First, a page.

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Third Person-Style Narration in First Person

Say what? Bear with me here a moment. I want to talk about something I’ve been noticing a lot: third person-style narration in the first person. It’s easier to illustrate than to explain. It goes, for example, like this:

My gaze shifted to the corner of the room. A shadow seemed to move. It hadn’t been there a moment ago. My heartbeat quickened and my pupils contracted with fear. I leaned back against the wall, the muscles in my torso tightening, my mouth drying out, my legs ready to spring into action. With my breath coming in short, shallow gasps, I prepared myself to attack.

Now, this is a subtle one to pick up on, I think. Can you figure out, from this sample, what I might mean? I’m referring to a style of narration that is more commonplace (and appropriate) in the third person. When you’re writing in the first person, you are immediately inside your character’s head, heart, and body. When you’re in third person, even if you’re in very close third, you’re on the outside of the body, seeing it from a bit of a bird-eye view.

Descriptions like the one I’ve written above are in first person (within the body) but seem oddly outside of it. This most often happens with physical descriptions/actions. I fear I’m not making a whole lot of sense, so I will try another approach. Imagine you’re telling an anecdote to your friends. You’ve got them wrapped around your finger as you’re describing a scene, say, the last time you were thrown a surprise party. Do you say, about yourself, “My gaze shifted to the corner and my mouth dropped open to discover Uncle Eddie wearing a party hat”?

That doesn’t sound very natural to me. If I were telling a story to a group of friends at a party, I would say something like “I looked and saw” or, if I’m feeling really fancy, “I glanced over.” When I’m in first person, it feels oddly distancing to say, about myself, “my gaze shifted.” I also wouldn’t say “my mouth dropped open.” I’m not watching myself on a video tape and narrating what’s happening. “To my shock” or “shockingly” would be more first person-appropriate.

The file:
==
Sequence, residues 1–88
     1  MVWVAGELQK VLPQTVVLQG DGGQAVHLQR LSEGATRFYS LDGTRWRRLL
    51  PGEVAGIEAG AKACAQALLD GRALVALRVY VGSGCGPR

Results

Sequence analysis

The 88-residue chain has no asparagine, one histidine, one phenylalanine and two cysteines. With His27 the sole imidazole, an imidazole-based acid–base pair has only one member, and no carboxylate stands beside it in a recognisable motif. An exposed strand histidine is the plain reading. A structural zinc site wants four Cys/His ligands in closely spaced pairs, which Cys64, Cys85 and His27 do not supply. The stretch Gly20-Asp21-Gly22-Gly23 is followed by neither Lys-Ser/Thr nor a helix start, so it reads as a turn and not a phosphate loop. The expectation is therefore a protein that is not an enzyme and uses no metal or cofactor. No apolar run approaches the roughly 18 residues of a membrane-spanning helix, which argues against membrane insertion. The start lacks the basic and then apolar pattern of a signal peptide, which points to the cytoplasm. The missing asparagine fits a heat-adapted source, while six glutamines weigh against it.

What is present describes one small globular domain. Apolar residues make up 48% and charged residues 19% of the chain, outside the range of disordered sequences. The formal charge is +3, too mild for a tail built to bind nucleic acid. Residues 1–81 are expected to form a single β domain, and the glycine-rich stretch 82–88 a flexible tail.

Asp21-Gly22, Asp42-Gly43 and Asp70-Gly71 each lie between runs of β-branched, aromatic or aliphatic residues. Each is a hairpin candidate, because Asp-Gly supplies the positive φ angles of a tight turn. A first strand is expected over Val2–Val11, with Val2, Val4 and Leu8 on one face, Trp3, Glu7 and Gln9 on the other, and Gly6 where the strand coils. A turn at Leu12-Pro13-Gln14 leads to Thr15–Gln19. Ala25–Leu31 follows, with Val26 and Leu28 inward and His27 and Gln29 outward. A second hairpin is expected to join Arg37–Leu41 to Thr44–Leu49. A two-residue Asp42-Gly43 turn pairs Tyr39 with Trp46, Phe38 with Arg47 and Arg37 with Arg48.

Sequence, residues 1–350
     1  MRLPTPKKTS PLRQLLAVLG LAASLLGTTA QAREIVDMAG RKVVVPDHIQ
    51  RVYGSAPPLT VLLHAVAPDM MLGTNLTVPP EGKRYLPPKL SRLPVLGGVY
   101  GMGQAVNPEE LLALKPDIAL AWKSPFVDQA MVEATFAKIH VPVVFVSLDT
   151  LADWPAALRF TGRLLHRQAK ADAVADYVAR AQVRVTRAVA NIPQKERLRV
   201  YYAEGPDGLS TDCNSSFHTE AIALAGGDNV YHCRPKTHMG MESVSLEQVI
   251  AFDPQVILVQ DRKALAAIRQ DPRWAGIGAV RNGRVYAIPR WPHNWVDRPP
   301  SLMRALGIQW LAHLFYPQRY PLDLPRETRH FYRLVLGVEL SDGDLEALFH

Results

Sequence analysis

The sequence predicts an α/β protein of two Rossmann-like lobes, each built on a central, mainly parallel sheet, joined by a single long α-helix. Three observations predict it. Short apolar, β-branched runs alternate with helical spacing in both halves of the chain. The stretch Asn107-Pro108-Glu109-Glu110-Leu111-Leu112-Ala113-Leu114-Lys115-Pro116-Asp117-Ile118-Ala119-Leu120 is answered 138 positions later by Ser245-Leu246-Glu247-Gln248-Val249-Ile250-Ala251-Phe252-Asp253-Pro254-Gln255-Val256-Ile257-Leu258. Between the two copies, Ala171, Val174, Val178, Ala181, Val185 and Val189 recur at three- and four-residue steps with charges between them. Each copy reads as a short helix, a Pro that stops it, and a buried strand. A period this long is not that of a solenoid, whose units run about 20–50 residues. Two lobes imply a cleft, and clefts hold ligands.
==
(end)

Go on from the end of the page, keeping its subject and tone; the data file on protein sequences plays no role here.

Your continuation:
To further illustrate, let’s put the above passage in the third person:

His gaze shifted to the corner of the room. A shadow seemed to move. It hadn’t been there a moment ago. Jake’s heartbeat quickened and his pupils contracted with fear [I have problems with writers relying too heavily on physical symptoms and gestures to convey emotion, but that’s another post for another day…]. He leaned back against the wall, the muscles in his torso tightening, his mouth drying out, his legs ready to spring into action. With his breath coming in short, shallow gasps, Jake prepared himself to attack.

Now, it’s not a perfect paragraph, and it still has a lot of cheap physical symptoms cluttering everything, but it sounds much more natural in third to my ear because we’re observing the character from the outside. Sure, we can’t see his muscles tighten or his heartbeat quicken from a true bird-eye view, but the tone of this piece is that of an outside observer. That same tone doesn’t work when the observer is in first person, talking about their own body.

This is one of those more subtle notes that I give, but I’ve found myself giving it a lot lately. Sure, it’s probably less fancy to adhere to true first person tone when describing physical events (the boring “I glanced” vs. the sexy “my gaze shifted”) but I think it’s more authentic. On a related note, I’ve also been giving a lot of writers pointers about overwriting, making things more complex than they should be, and showing off. This is one example of prose where I think we should all strive for a bit more simplicity.

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